Informed consent is an important part of any medical treatment, whether in a clinical or hospital setting or in an emergency department. Informed consent is the process of communicating to a patient the various aspects of a treatment prior to implementing the treatment or engaging in any medical intervention or procedure. Patients must understand the medical value, risks or alternatives to a treatment or procedure, for their own peace of mind and without the written consent of the patient, a physician, nurse, hospital or medical facility is open to liability concerns and lawsuits, driving up healthcare costs and contributing to the distrust of the medical world. Health Information Management professionals know the value of informed consent and good recordkeeping for the safety of the patient, as well as the doctor, hospital or medical facility involved in the patient’s treatment.
Medical professionals have been urged to follow strict guidelines for informed consent for ethical reasons since the 1950s. Recently, in all 50 states, informed consent has become a legal issue as well, and the importance of Health Information Management has become increasingly important to the security of the medical world. Medical professionals such as nurses, physician’s assistants, doctors and other healthcare providers are all under the same ethical and legal guidelines to provide answers to patients for their wellbeing. Health Information Management professionals have long needed a way to not only be sure that patients remain informed of their health issues, but also have a way to keep their consent documented, to benefit legal issues as well as help with any recurring patient health issues.
As medical records become computerized, there are more options available for Health Information Management professionals to not only record the acknowledgement of treatments and procedures by patients, but to also provide easier methods of delivering this information. Much has been said about the introduction of telehealth devices that help doctors and nurses monitor the vital statistics and other health concerns of patients from their homes. With the help of computers, informed consent is being delivered through computer-based informed consent programs that impart medical information to patients.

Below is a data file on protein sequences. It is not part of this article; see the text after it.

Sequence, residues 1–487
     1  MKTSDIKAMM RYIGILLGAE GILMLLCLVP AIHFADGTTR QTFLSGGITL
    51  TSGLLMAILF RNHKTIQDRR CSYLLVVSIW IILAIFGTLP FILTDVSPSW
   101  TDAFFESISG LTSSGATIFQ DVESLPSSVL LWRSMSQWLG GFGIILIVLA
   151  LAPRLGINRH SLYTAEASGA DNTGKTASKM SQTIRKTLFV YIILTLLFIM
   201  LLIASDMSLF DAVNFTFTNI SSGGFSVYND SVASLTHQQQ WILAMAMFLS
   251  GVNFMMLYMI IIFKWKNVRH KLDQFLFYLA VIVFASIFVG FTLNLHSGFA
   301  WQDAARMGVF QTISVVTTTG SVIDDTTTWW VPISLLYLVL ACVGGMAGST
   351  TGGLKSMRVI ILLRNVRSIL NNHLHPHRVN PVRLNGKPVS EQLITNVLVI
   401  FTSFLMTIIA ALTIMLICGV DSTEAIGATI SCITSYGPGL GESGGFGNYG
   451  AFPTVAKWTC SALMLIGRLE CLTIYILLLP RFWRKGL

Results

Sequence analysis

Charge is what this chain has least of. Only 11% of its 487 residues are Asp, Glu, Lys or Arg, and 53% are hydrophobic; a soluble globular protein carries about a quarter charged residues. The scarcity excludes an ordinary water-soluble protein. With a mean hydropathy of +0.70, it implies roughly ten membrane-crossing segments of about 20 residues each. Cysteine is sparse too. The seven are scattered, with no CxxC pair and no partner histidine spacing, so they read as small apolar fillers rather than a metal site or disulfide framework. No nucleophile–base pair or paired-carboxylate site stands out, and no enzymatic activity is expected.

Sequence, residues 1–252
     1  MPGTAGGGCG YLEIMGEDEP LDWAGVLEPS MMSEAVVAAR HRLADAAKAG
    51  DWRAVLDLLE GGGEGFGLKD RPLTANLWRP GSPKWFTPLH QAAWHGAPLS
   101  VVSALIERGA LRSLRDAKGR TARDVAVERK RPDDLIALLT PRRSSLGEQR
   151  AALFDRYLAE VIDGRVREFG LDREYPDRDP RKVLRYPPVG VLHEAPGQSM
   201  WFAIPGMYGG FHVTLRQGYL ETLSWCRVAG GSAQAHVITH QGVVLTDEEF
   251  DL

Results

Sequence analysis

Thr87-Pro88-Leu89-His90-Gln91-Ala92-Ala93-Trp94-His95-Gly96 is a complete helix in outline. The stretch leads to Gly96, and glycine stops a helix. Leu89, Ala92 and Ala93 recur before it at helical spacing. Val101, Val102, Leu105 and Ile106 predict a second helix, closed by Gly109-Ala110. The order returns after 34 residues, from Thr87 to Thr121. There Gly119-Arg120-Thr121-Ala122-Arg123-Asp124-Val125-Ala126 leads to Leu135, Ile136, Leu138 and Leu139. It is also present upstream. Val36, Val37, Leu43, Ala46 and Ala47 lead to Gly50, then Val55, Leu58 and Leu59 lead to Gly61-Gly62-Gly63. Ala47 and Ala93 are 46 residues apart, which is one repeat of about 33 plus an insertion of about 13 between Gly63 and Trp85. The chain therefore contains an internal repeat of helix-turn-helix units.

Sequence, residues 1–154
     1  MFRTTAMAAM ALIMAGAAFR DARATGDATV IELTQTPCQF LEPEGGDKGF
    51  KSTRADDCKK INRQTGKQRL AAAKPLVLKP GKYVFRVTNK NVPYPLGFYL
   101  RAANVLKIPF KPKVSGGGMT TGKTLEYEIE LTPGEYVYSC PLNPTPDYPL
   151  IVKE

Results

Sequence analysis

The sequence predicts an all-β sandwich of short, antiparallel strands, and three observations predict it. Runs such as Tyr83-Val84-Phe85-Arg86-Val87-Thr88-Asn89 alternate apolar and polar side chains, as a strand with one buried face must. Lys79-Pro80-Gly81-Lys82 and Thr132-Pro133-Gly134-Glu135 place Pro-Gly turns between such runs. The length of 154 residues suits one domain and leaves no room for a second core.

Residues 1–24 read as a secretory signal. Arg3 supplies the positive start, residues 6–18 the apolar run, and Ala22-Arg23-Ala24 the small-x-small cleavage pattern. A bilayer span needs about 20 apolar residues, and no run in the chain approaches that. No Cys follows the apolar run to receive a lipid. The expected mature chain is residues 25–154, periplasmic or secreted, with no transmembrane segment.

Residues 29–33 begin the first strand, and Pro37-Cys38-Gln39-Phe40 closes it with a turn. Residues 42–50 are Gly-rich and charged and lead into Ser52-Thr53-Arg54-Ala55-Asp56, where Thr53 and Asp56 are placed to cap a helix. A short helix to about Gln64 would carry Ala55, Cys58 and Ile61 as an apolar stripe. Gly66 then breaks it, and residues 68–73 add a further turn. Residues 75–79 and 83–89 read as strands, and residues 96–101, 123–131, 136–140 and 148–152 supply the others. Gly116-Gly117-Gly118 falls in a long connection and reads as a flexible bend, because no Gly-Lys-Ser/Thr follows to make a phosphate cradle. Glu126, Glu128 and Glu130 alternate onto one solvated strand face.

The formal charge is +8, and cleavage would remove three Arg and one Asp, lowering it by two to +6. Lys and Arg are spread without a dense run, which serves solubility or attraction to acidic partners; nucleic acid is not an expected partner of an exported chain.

These can programs detail the diagnosis as well as treatment options, side effects and alternatives, plus they enable the patient to ask questions or receive feedback. Another benefit to computerized informed consent programs is that they may be able to explain how procedures have developed and changed from prior interventions, giving patients the reassurance that their own health concerns are continually being researched and those new treatments and preventative options are being developed. Plus, by keeping records of consent for procedures, underlying causes of health concerns may begin to appear based on the medical information available. Health Information Management professionals also benefit from the programs since they help to cut back on malpractice lawsuits through the documentation and feedback that is provided during the computer sessions.
As technology becomes a regular part of people’s lives, the medical world is using it in ways to make the management of health information easier, benefitting both the patient and doctor or other healthcare professional. The ease with which telehealth and computer-based informed consent programs are delivering important information between patient and doctor can make a big difference in the overall health of those in need of medical intervention.